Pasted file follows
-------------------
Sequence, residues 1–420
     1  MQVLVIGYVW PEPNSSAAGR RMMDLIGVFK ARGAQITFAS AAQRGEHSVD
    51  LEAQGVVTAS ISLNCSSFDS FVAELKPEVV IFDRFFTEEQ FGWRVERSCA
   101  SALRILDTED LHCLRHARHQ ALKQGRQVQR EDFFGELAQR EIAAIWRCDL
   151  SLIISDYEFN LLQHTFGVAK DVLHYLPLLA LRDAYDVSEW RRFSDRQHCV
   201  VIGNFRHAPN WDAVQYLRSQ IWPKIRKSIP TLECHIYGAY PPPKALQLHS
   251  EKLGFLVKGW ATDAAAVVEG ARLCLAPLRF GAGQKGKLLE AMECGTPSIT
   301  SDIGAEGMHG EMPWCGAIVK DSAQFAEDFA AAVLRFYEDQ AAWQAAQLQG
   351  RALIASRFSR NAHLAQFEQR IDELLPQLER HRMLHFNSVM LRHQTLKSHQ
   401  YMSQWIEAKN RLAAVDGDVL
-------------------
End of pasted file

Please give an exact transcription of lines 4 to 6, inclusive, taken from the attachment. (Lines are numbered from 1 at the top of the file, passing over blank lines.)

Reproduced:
   101  SALRILDTED LHCLRHARHQ ALKQGRQVQR EDFFGELAQR EIAAIWRCDL
   151  SLIISDYEFN LLQHTFGVAK DVLHYLPLLA LRDAYDVSEW RRFSDRQHCV
   201  VIGNFRHAPN WDAVQYLRSQ IWPKIRKSIP TLECHIYGAY PPPKALQLHS